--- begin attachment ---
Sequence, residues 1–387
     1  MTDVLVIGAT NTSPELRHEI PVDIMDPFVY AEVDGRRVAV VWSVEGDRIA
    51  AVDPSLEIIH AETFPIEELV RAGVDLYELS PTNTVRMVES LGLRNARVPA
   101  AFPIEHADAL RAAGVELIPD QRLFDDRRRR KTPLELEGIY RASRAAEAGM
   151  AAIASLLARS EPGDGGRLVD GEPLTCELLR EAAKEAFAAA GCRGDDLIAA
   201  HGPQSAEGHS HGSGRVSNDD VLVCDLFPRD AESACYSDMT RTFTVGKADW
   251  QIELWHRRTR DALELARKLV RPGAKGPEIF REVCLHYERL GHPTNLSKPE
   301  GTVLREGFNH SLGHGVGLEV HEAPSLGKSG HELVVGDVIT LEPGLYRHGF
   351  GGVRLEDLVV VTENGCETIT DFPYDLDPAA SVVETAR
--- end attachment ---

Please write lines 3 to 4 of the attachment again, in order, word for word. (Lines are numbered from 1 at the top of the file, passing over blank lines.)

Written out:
    51  AVDPSLEIIH AETFPIEELV RAGVDLYELS PTNTVRMVES LGLRNARVPA
   101  AFPIEHADAL RAAGVELIPD QRLFDDRRRR KTPLELEGIY RASRAAEAGM